Polar and high-mountain observations, research and services Panel of Experts


Dr Charles FIERZ - Member - ( Switzerland )
Dr Paula ETALA - Member - ( Argentina )
Dr Ping ZHAO - Member - ( China )
Dr Thomas JUNG - Member - ( Germany )
Dr Xiao, Cunde - Member - ( China )
Mr Helge Tangen - Member - ( Norway )
Mr Vito Vitale - Member - ( Italy )
Mr Zhaojun Zheng - Member - ( China )
Ms Anette Jönsson - Member - ( Sweden )
Ms Berit Arheimer - Member - ( Sweden )
Ms Diane CAMPBELL - Co-chair - ( Canada )
Ms Khalid LAHLAL - Member - ( Morocco )
Ms Marie Dumont - Member - ( France )
Ms Paola URIBE - Member - ( Chile )
Prof. Burcu Özsoy - Member - ( Turkey )

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Terms of Reference

Annex to Resolution 6 (EC-71)
The Executive Council Panel of Experts on Polar and High-mountain Observations, Research and Services (EC-PHORS) shall be composed of members nominated by the Permanent Representatives of Members, including Parties to the Arctic Council (e.g. indigenous interest), the Antarctic Treaty, and participants from other organizations that have active meteorological, hydrological, oceanographic or cryospheric programmes, in particular in the polar and high-mountain regions.
Observers from other groups may be invited to attend meetings of the Panel.
The Panel is authorized to establish subgroups and task teams as and when required, including in particular an Antarctic Task Team, a High-mountain Task Team, a Polar Space Task Group, a GCW Steering Group.
The Panel shall:
(1) Operate under the general terms of reference of Regional Associations with regard to the WMO activities in Antarctica as spelled out in Annex II of Basic documents No. 1 (WMO No. 15);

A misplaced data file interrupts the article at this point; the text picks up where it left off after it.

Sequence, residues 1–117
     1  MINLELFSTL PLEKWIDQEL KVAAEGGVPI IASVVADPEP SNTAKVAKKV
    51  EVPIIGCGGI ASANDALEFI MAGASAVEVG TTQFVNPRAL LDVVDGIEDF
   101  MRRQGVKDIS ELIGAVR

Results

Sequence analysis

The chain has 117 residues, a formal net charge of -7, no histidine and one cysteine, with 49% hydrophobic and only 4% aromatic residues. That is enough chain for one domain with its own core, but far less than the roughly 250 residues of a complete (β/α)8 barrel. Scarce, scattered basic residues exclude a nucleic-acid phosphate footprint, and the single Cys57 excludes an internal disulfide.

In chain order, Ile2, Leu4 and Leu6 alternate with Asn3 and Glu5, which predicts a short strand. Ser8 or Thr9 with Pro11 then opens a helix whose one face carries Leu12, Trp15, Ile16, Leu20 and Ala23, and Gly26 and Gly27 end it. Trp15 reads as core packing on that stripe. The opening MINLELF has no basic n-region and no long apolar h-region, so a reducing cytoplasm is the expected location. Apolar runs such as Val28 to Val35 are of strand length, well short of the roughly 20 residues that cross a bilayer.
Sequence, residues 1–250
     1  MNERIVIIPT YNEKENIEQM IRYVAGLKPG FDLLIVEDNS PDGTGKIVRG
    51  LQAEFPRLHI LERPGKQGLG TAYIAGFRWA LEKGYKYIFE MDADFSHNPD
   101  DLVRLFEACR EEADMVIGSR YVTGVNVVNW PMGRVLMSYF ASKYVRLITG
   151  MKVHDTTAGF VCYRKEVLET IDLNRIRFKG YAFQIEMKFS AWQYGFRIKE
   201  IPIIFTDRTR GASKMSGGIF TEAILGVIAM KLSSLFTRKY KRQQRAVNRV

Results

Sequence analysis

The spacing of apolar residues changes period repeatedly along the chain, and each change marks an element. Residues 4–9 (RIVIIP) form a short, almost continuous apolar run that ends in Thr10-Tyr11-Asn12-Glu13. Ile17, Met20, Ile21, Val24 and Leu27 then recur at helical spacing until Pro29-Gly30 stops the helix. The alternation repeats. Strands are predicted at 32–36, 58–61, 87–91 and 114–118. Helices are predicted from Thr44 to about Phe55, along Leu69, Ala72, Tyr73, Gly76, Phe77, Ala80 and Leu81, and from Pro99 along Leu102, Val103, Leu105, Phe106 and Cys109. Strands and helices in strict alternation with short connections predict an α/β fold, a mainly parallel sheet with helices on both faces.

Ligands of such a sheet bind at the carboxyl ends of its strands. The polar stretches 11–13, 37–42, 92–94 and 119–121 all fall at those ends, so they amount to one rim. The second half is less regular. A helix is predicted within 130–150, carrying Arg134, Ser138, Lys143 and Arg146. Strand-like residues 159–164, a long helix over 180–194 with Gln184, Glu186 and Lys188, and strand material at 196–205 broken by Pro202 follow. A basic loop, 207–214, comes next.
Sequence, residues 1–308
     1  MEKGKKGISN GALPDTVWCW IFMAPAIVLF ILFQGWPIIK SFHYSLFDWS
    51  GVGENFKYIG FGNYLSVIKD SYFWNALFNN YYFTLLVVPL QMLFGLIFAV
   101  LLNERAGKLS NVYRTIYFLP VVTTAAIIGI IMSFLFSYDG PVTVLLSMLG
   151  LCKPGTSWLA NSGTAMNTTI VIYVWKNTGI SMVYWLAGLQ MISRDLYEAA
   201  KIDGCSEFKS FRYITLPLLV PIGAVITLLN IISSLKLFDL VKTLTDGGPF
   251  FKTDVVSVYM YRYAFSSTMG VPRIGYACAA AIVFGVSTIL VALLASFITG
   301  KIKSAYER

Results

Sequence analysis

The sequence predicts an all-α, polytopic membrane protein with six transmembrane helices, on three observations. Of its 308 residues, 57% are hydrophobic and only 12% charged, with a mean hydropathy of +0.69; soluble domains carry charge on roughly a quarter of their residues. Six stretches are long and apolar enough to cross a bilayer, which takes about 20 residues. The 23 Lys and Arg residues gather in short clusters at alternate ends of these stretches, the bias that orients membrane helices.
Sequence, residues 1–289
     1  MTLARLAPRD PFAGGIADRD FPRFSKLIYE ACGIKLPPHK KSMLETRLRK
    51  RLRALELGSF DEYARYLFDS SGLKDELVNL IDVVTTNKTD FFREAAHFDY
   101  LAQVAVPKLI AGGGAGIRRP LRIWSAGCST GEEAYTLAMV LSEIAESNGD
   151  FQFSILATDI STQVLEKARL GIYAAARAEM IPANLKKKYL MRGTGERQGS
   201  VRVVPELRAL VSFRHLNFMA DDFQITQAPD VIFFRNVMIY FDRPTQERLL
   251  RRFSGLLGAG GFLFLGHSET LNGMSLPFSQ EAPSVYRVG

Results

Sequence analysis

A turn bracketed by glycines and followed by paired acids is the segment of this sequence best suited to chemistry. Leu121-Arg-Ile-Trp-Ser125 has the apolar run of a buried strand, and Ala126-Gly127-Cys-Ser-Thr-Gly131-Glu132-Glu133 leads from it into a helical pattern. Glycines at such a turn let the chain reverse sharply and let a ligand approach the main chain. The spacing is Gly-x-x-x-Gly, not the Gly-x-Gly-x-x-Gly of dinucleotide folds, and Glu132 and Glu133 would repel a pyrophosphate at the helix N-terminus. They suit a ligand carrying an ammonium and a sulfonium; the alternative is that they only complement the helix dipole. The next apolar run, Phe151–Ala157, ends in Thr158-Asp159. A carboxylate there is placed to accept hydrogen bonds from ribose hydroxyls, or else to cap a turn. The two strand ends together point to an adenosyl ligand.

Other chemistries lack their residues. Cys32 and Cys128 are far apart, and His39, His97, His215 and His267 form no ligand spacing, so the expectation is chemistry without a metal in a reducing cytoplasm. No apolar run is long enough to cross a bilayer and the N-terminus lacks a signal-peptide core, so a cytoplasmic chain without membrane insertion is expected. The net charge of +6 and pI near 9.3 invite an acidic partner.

(2) Continue advancing the following five key initiatives under the WMO polar and high-mountain regions priority activity: (a) AntON; (b) the polar Regional Climate Centres and polar Regional Outlook Forums; (c) GCW; (d) high-mountain region activities; and (e) GIPPS, including the Polar Prediction Project, and YOPP, as well as relevant research activities under the World Climate Research Programme;
(3) Emphasise, compile and maintain information on the socioeconomic benefits and cost–benefit aspects of WMO polar and high-mountain region activities in particular through outreach activities and by attracting expertise in this field, and engaging and aligning with existing mechanisms, such as the Societal and Economic Research and Applications subcommittee of the Polar Prediction Project and the CBS-OPAG/PWSD;
(4) Explore mechanisms to actively engage early career scientists in the delivery of results, including in collaboration with Association of Polar Early Career Scientists (APECS).
The Panel will undertake:
For Polar Regions:
(a) To develop and promote an integrated approach to understanding the global impact of changes in polar regions so that the required services may be provided to users and governments may be advised on aspects of adaptation;
(b) To ensure that operational and research observing networks in polar regions (including AntON) are integrated within the framework of WIGOS and WIS and are enhanced to include cryosphere-related variables;
(c) To engage in a concerted effort to involve Members, technical commissions and regional associations, as well as relevant research and international organizations and bodies, in improving predictive capability in polar regions on timescales from hours to centuries;
(d) To coordinate WMO interests with other international organizations focused on polar science and observations, and to work collaboratively as appropriate;
(e) Where other initiatives are identified as aligned with the WMO goals, to engage and assess their validity and make recommendations to the Executive Council for further consideration;
(f) To oversee and guide the development and implementation of GCW in collaboration with technical commissions, regional associations and relevant WMO and international programmes, organizations, institutions and bodies;
(g) To oversee and guide the Polar Space Task Group, which provides coordination across space agencies to facilitate acquisition and distribution of fundamental satellite datasets, and to contribute to or support development of specific derived products for cryospheric scientific research and applications;
(h) To guide the development of GIPPS in collaboration with technical commissions, regional associations and relevant international programmes, organizations and bodies;